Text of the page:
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  • Writer's pictureTina McLain

Eightmile Point

Updated: Apr 11

Eightmile Point
Peak view

Peak Name: Eightmile Point Peak Coordinates: 45.366423, -121.480529 Peak Elevation: 5240′ Access: Trail & bushwhack Bushwhack Rating: BW3 (I got cuts that drew blood and there was some cursing) Distance: 0.38 miles (round-trip) – 0.1 of that was bushwhacking Elevation Range: 5118′ to 5243′ Ascent/Descent: +159 ft / -168 ft Note: I had to bushwhack from the far side of the loop since the forest was so dense. Peak had no view. Date: 6-24-21

I’d researched my planned route for bagging this peak the night before. I started at the trailhead for Fifteen Mile Trail #456 from FS 4420. It was an easy uphill trek toward Eightmile Point through a very open forest. The trail seemed to mostly be used by mountain bikes. I only saw one other set of boot prints.

The trail climbed up along some large rocks to the plateau where the peak was. The trail did a fish hook around the peak so it required some bushwhacking off trail to reach the peak coordinates. I had originally planned on approaching the bushwhack section from the west side, but I had to loop around to the east side because the forest was very dense.

Eightmile Point
View from lunch spot

I’m glad I ended up having to go around because in the middle of the loop there is an open area with some cliffs dropping off. From there I could see 4 mountains: Mt Hood (partial), Mt St Helens, Mt Rainier, and Mt Adams. I then looped around the the east side of the peak. The forest was still just as dense, but there were a few small open pockets. I decided to just try for one and pushed my way into the forest.

The peak coordinates were only about 100 ft off the trail, so I thought it should be fairly easy. Boy, was I wrong! As I wrote in my journal: “This peak was a b*tch.” I had to climb over, under and through dense pockets of trees. There were a lot of fallen trees that made the trek more difficult. I had to shove through some dense pockets of trees. I ended up having cuts on my legs and arms. I fell a few times while trying to climb under trees.

Once I got near the peak, I spent a good 15 minutes or more, trying to hit the peak coordinates. I ended up having to just zigzag back and forth over a 20 ft area to make sure I actually hit the peak. My GPS wasn’t tracking well and I wanted to make sure I hit it. (My GPS track below doesn’t accurately show the zigzagging I did.) I’m still figuring out how to make my GPS app work for this kind of thing.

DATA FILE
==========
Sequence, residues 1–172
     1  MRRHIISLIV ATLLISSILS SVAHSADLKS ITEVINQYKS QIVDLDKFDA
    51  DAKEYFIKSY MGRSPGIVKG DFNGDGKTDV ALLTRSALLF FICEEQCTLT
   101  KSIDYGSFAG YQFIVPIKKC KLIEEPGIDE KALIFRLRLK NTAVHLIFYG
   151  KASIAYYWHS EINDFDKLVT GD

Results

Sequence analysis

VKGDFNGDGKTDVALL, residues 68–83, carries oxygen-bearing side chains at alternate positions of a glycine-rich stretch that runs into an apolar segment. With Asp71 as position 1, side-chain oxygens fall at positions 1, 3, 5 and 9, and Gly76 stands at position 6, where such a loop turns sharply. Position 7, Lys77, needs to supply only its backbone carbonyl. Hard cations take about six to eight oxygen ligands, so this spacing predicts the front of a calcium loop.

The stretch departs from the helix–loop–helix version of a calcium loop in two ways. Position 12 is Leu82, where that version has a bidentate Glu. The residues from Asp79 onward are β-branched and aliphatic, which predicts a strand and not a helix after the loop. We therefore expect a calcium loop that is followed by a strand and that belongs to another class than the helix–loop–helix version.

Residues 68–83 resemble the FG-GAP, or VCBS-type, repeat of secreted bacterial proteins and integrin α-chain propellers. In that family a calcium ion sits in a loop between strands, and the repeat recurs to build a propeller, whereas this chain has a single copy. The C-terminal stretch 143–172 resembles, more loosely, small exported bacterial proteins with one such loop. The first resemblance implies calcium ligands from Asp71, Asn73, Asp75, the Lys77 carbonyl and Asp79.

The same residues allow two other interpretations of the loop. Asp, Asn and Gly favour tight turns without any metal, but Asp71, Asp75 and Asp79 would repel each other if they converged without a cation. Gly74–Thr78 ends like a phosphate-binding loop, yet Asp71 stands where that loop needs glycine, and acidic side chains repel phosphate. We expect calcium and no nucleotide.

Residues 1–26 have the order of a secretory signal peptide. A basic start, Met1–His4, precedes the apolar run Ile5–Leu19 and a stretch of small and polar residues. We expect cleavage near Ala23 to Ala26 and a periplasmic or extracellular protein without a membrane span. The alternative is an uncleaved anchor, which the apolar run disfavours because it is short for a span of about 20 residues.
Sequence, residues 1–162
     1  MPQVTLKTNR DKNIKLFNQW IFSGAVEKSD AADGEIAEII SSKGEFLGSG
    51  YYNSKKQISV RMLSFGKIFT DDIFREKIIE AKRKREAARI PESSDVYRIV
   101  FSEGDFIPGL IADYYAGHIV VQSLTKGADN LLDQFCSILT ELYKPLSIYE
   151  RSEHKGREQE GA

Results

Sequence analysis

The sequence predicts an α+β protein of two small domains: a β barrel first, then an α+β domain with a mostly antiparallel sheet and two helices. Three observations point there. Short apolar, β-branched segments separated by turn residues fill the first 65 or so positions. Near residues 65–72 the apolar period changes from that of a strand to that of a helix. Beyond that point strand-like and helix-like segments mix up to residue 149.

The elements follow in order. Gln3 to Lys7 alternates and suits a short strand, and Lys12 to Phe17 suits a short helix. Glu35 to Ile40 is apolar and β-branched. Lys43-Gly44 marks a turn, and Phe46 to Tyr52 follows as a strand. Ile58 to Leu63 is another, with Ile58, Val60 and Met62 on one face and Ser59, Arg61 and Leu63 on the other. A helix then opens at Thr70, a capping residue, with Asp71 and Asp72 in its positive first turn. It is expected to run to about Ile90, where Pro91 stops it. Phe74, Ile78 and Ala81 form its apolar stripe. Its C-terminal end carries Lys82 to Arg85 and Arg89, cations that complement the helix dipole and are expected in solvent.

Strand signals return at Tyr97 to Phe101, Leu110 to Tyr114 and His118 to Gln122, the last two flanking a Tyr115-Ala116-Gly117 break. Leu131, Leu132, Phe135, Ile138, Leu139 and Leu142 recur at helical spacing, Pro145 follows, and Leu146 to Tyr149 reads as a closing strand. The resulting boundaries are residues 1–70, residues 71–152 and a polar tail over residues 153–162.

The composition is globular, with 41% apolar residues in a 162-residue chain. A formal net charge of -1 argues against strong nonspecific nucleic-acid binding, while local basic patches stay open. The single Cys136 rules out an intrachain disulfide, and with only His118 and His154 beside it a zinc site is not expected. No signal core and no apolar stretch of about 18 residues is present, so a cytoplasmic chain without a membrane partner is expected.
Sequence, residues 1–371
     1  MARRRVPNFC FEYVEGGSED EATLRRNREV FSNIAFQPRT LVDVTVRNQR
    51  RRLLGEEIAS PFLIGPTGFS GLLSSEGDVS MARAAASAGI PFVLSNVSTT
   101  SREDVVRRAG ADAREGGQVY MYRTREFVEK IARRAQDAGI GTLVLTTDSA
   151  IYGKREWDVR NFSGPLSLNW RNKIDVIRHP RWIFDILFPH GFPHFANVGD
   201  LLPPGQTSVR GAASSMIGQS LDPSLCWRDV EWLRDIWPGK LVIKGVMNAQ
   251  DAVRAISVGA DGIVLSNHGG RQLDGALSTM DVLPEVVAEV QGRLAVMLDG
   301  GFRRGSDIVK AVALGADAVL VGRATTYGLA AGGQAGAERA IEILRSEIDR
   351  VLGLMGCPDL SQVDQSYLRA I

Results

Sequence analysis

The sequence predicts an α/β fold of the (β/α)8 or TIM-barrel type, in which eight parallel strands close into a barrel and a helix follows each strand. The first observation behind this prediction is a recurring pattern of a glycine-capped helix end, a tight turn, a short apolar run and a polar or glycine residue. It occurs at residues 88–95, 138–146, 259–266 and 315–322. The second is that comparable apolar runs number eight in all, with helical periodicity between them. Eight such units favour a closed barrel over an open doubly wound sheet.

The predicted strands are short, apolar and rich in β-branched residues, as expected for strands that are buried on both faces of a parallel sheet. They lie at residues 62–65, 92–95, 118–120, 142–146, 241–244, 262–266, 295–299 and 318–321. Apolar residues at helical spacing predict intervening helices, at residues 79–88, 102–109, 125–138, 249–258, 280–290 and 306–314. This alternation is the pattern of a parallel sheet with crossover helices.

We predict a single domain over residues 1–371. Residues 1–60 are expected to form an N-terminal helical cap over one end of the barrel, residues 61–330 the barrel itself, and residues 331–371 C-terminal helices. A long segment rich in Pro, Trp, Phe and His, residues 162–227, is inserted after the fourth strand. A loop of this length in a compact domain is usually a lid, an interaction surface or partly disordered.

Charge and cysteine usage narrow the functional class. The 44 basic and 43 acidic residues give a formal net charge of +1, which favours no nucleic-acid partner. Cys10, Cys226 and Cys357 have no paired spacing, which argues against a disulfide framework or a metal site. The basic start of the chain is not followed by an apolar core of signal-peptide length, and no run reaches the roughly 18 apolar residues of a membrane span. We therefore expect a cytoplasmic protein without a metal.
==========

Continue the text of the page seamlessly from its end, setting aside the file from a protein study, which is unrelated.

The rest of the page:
There was no view or anything special about the peak. Just dense forest and fallen trees. I decided to bushwhack back out the direction I had come in from instead of just cutting through to the other side. Once I got back to the trail, I went back to the cliff area with the views of the mountains and ate my lunch there. It was a clear, warm day with a slight breeze. The hike back to the trailhead was easy. I didn’t see or hear anyone else while I was on my hike.

The bushwhack section of this trail I’d classify as a BW3 – Heavy brush. Hands needed constantly. Some loss of blood may occur due to scratches and cuts. Travel noticeably hindered. Use of four-letter words at times (credit: Mark Dale). The trail section is very easy, but the bushwhacking on this one even though it wasn’t a long distance definitely ranks up there with some of the more difficult ones I’ve done. It was quite the puzzle and mental challenge to find paths through the dense forest.


  • Parking: 45.36546, -121.48442

  • Trailhead: 45.36569, -121.48447

  • View of mountains (good lunch spot): 45.36722, -121.48106

  • Start of bushwhack: 45.36635, -121.47996

  • Peak coordinates: 45.366423, -121.480529


How to get there (from Sandy, OR)


My Wild Adventure is not responsible for your safety, any possible injury, or anything that happens if you choose to follow anything on this website. Maps are not intended to be used for navigational purposes, but to give an overview of the route taken. By going outdoors you are solely responsible to know your strengths and limitations, be aware of current conditions and proceed with the appropriate caution. My Wild Adventure is not responsible for your choices and the outcome. Reference my disclaimer for more information on being responsible outdoors.

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